Written by Clay Smith
Ultrasound (U/S) guided IVs were more successful on first-stick than traditional in children with predicted difficult IV access.
Why does this matter?
U/S guided IV has become the go-to method for difficult IV access in adults. But does it work in children?
POCUS to poke ‘em
This was a RCT that enrolled 167 children with predicted difficult IV access. Those in the U/S group had marked improvement in first-stick success, 85.4% vs. 45.8%; RR1.9 (95% CI, 1.5 – 2.4); NNT = 2.5. The U/S group was a team of trained proceduralists. For secondary outcomes, U/S needed fewer attempts (median 1 vs 2), took half as long (14 vs 28 minutes), and lasted 5 days longer (7.3 vs 2.3 days). U/S had no increase in complications. Needless to say, this was unblinded. The usual IVs were mostly 25mm length; U/S IVs were 45mm. This was a single center, and success depends on training and experience, which varies widely. They intended to enroll 93 per group but stopped early because U/S guided access became standard of care in this center. Results were still statistically significant. It appears U/S is the way to go not only in adults but in children with difficult IV access.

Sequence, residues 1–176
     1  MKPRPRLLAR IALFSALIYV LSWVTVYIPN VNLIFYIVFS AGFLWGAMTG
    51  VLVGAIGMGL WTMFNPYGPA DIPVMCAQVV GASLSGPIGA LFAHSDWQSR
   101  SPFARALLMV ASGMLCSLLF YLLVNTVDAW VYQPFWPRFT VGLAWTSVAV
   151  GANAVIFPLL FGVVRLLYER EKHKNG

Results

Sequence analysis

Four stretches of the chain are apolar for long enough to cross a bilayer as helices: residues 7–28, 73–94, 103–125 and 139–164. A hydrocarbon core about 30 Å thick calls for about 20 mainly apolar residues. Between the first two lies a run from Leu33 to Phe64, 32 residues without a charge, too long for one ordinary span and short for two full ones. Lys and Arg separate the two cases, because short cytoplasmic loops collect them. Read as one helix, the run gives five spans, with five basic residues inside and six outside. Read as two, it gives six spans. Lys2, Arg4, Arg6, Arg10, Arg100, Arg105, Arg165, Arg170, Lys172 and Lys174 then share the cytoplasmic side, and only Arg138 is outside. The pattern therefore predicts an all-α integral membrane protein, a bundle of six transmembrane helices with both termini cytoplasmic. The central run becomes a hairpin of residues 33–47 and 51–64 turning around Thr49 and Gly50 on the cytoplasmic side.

Ultrasonographic Guidance to Improve First-Attempt Success in Children With Predicted Difficult Intravenous Access in the Emergency Department: A Randomized Controlled Trial. Ann Emerg Med. 2019 May 21. pii: S0196-0644(19)30141-6. doi: 10.1016/j.annemergmed.2019.02.019. [Epub ahead of print]
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